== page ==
________________ CM . . . . Volume XXII Number 3 . . . . September 18, 2015


Set You Free.

Jeff Ross.
Victoria, BC: Orca, 2015.
248 pp., trade pbk., pdf & epub, $14.95 (pbk.).
ISBN 978-1-4598-0797-6 (pbk.), ISBN 978-1-4598-0798-3 (pdf), ISBN 978-1-4598-0790-0 (epub).

Grades 8-10 / Ages 13-15.

Review by Kim Aippersbach.

*** /4

Reviewed from Advance Reading Copy.



"You don't believe Tom had anything to do with Ben's disappearance, do you?"

"Not a chance," Grady says. "Absolutely no way."

"Then we need to figure out who could have."

Grady nods, staring out the window. "So where do we start?"

"I've been thinking about this," I say. "Detective Evans told me there are three main reasons kids disappear. One, they take off. But that doesn't seem like something Ben would do. Another is that someone has snatched them. Which we can't rule out. I mean, it's possible. I never noticed anyone watching Ben, but that doesn't mean there wasn't. It would be awful, and I don't even want to think about it. So . . ."

"What is the third way?"

"Family," I say. "That's number one."

Grady smiles. "The Carters," he says.

"The Carters," I say.

"You want to dig into the mayor's life?"

Set You Free is a tense mystery about the disappearance of five-year-old Ben Carter, the son of the mayor. Lauren is Ben's 17-year-old babysitter. Because her older brother, Tom, disappeared at the same time as Ben, he is the police's prime suspect. Lauren gets together with Tom's friend Grady, a skilled hacker, and together they try to get enough evidence to find Ben and clear Tom's name. The police are following Lauren, thinking she might lead them to Tom. Lauren and Grady find ways to foil and evade the police while Grady hacks into the Carters' computers. They discover that Ben's older sister is involved with a drug dealer, his older brother was involved in a fatal street racing accident, and his father, the mayor, is colluding with a step-brother on a corrupt real-estate deal. Lauren and Grady find the mayor's secret lakeshore cabin. Ben isn't there, but Lauren finds a USB drive with proof of the mayor's illegal dealings, which she emails to newspapers and the police. She tells the detective that she will bring Tom in if the detective arrests the mayor.

      Then Lauren goes to a room above a record shop where Tom and Ben have been hiding and sneaks them out. She delivers Ben to his mother, who has been in on the plan all along. Between them, they staged Ben's kidnapping so that the police would begin looking into the mayor and uncover his corruption in order that Ben and his mother could be free of him. Tom runs away, and Lauren has a defiant meeting with Detective Evans where she insists that she doesn't know where Tom is but that the incriminating evidence against the mayor is true.

      Set You Free effectively stretches out the tension inherent in a missing child case, gradually getting more fast-paced and exciting as Lauren and Grady trick the police and close in on Mayor Carter. The writing is engaging, and the mystery is intriguing. Lauren's relationship with Grady develops believably; their banter as they learn to trust each other and begin to like each other is enjoyable.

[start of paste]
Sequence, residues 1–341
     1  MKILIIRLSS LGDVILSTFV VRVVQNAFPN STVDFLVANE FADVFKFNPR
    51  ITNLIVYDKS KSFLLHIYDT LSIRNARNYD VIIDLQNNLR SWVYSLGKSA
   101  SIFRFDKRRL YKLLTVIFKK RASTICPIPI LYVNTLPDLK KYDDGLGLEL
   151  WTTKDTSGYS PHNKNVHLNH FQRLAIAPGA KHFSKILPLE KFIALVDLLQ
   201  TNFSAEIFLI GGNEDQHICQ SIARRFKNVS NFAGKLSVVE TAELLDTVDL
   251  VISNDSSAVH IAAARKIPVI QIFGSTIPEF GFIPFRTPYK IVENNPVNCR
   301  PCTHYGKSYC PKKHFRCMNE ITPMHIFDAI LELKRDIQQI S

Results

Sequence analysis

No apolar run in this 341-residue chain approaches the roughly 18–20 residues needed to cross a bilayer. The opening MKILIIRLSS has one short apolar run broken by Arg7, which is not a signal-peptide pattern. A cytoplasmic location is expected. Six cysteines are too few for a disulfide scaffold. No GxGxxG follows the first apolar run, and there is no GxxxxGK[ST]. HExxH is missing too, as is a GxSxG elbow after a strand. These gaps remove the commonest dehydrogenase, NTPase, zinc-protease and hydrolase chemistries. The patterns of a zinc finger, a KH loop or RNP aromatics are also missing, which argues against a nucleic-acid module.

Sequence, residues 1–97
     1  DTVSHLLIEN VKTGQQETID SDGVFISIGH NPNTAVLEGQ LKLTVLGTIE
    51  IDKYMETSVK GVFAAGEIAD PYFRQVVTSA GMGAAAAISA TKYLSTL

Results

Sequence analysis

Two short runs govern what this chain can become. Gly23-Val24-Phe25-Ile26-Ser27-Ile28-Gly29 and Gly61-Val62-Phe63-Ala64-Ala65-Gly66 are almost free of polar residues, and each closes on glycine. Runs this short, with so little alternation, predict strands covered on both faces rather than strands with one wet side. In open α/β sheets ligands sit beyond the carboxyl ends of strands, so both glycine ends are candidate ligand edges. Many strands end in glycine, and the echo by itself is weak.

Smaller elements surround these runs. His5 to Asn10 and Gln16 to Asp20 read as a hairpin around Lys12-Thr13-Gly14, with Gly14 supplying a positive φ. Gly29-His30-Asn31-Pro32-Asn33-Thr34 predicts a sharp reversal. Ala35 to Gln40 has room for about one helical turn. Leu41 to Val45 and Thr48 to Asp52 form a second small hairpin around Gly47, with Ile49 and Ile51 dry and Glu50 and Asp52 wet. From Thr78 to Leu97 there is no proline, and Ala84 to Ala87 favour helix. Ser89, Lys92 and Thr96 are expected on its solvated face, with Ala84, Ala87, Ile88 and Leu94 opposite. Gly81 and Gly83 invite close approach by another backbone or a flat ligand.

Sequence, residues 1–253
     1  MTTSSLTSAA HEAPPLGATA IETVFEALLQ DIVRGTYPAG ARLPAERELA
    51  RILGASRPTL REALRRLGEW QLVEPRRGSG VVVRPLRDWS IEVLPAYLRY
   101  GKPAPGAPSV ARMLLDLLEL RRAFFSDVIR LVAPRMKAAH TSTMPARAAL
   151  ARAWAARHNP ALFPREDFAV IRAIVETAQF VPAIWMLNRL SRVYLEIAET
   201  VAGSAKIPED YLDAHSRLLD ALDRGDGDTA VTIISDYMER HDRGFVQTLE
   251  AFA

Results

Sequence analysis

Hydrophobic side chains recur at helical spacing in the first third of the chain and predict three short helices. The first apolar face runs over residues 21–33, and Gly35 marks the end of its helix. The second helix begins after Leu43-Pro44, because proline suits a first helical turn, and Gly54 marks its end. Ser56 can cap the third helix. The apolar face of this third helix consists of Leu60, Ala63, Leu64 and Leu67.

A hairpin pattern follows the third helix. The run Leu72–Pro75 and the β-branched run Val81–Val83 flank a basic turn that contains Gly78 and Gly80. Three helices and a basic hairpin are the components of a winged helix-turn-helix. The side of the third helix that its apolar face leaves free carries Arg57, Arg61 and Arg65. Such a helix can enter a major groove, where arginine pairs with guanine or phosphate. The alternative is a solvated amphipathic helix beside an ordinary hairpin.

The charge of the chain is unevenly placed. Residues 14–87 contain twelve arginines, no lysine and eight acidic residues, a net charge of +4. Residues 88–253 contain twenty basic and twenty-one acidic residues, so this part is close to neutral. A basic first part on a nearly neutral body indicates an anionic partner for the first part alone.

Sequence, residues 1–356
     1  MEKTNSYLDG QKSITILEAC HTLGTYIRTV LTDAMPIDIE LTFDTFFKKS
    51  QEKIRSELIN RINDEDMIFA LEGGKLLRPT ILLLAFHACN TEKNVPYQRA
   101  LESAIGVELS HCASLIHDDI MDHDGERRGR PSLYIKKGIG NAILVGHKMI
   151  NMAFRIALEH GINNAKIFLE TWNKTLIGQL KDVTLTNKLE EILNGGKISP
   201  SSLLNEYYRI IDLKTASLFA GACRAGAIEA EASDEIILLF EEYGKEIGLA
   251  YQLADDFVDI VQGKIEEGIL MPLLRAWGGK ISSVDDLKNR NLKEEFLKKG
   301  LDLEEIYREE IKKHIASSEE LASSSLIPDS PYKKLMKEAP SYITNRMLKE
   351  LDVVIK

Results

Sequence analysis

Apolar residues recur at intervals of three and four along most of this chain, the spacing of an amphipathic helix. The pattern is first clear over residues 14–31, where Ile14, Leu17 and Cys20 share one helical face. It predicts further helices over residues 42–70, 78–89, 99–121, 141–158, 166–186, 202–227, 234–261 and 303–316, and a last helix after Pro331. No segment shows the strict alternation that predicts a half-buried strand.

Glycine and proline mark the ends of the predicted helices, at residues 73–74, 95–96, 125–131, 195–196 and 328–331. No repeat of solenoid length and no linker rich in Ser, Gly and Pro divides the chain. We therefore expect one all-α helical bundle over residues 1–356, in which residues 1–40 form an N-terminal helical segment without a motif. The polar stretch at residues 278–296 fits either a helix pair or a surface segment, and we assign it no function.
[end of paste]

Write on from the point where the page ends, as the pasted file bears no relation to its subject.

The plot twist, however, is awkward and contrived, and the reasons given for the kidnapping plot are not convincing. It is an unsatisfactory resolution of a promising mystery plot, and it undercuts all sympathy for Lauren's character. Lauren's apparent contempt for the police is puzzling at first, but her conflict with Detective Evans over whether Tom should be a suspect feels believable. When we find out that Lauren and Tom really are the kidnappers, Lauren is revealed as a cold-blooded, manipulative liar, using everyone around her to pursue her plot. Even though her motivations are supposedly concern for Ben and his mother, it is hard to see her as anything but callous and unfeeling. Since the narration is in first person, Lauren has been lying to the reader, too, so we lose both sympathy and trust.

      Grady's easy forgiveness of Lauren's deception is a pat ending that doesn't ring true. Neither is it plausible that Lauren, Tom and Grady get away with the various crimes they commit: kidnapping, breaking and entering, theft, interfering with an investigation, hacking. The police come across as inept and possibly corrupt. However, Det. Evans is too sympathetically portrayed for us to feel triumphant at Lauren's rude victory speech. In the end, we have only Lauren's word that anyone is a villain, and the only person we've seen being villainous is Lauren. It's an odd place to end a thriller.

      Set You Free would make an interesting departure point to discuss law versus morality: is it ever okay to disobey the law in order to do something right? The book could also be used in a discussion of unreliable narrators.

      Teens will enjoy the good writing and the suspenseful, action elements of the plot and may be less disturbed by Lauren's illegal activities. Set You Free 's a book that could appeal equally to boys and girls.


Kim Aippersbach is a writer, editor, and mother of three in Vancouver, BC.

To comment on this title or this review, send mail to cm@umanitoba.ca.

Copyright © the Manitoba Library Association. Reproduction for personal use is permitted only if this copyright notice is maintained. Any other reproduction is prohibited without permission.
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